Democracy's Detectives: The Economics of Investigative Journalism


Product Details

Harvard University Press
Publish Date
October 08, 2018
6.0 X 1.1 X 9.2 inches | 0.97 pounds
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About the Author

James T. Hamilton is Hearst Professor of Communication at Stanford University.


This is an outstanding book, the product of careful thinking, of remarkable and painstaking gathering of data on investigative reporting--past and present--that no one in academia or in journalism has ever undertaken before. It is a moving, evidence-based affirmation of the value of journalism to democracy.--Michael Schudson, Columbia University
In riveting detail, Hamilton meticulously examines the storied history of investigative journalism in America, chronicles its current malaise, and makes a convincing case that pouring resources into gumshoe reporting makes economic sense for sclerotic news organizations. Why? Because readers hunger for more of it and are willing to pay to read it.--Walter V. Robinson, Pulitzer Prize-winning investigative journalist and Editor-at-Large at the Boston Globe
Provides an extraordinarily precise and painstaking examination of the state of investigative journalism in the United States. Using a wide array of statistical measures and a case study of Pat Stith, a Pulitzer Prize-winning reporter for The News and Observer of Raleigh, North Carolina, Hamilton demonstrates that investigative reporting (involving original work about important issues that someone wants to keep secret) costing thousands of dollars can produce millions of dollars in benefits to society. And Hamilton issues an urgent warning that this essential public service is underprovided in the market. His book should command the attention of every citizen who is concerned about the implications for our democracy when sunlight, which is the best disinfectant against corruption and incompetence, is obscured and blocked.--Glenn C. Altschuler "Huffington Post "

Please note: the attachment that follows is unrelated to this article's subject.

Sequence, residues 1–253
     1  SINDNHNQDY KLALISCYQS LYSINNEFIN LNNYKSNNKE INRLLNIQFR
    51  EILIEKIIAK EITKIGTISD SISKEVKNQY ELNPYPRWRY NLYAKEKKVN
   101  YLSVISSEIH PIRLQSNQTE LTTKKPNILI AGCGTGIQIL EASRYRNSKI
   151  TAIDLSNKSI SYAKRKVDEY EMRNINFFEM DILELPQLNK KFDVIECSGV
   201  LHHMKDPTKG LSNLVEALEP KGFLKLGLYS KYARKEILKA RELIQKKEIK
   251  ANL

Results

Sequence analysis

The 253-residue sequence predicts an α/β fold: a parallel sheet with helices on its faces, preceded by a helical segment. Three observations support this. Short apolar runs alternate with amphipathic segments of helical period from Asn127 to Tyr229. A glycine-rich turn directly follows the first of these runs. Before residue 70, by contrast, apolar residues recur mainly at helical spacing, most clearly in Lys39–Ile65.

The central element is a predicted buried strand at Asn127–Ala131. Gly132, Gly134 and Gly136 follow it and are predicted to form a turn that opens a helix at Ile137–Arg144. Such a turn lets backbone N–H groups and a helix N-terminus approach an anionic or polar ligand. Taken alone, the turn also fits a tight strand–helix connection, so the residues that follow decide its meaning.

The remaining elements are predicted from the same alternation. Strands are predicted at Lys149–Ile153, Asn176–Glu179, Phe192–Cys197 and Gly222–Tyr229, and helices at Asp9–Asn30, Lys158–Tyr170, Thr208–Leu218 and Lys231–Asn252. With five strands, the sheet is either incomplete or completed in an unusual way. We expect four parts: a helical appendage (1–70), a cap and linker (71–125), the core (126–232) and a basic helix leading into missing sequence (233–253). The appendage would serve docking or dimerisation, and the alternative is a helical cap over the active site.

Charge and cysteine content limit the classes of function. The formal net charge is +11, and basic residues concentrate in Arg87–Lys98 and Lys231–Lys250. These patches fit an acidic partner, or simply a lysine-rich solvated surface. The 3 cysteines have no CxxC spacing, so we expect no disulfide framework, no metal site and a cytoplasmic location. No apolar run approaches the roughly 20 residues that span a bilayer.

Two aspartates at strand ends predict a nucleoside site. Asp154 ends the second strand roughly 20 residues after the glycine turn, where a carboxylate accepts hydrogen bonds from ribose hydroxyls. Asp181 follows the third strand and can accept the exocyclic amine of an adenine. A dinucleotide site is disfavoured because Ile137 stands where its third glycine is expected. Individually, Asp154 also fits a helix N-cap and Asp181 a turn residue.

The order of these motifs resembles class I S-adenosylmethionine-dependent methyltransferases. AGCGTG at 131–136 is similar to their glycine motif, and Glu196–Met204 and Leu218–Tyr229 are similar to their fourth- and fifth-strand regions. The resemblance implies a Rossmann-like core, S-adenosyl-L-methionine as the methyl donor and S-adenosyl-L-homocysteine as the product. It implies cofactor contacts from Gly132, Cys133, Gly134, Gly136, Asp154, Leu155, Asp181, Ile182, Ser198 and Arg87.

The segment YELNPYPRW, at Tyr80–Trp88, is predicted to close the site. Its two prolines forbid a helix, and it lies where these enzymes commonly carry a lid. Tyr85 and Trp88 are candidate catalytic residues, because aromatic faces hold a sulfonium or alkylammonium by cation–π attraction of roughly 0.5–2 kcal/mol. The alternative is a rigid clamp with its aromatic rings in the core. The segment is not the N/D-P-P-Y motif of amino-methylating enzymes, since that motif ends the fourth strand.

A highly original look at exactly what the subtitle promises...Has this topic ever been more important than this year?--Tyler Cowen "Marginal Revolution "
Bracing.--Rick Edmonds "Poynter "
By bringing the economist's eye to the business of investigative journalism, Hamilton sharpens our appreciation of the craft as he explores its history, the motivations publishers have to fund the work, and the cash benefits investigations pay out.--Jack Shafer "Reason "
Hamilton provides what is likely the most comprehensive and rigorous analysis of the economics of investigative journalism yet conducted...Democracy's Detectives is essential reading for anyone interested in the economics of news, and it is a master class in methodological creativity and ingenuity in conducting social science research.--Philip M. Napoli "Journalism & Mass Communication Quarterly "
[A] terrific new book.--Sam Lebovic "Los Angeles Review of Books "
Hamilton's book presents a thoughtful and detailed case for the indispensability of investigative journalism--and just at the time when we needed it. Now more than ever, reporters can play an essential role as society's watchdogs, working to expose corruption, greed, and injustice of the years to come. For this reason, Democracy's Detectives should be taken as both a call to arms and a bracing reminder, for readers and journalists alike, of the importance of the profession.--Anya Schiffrin "The Nation "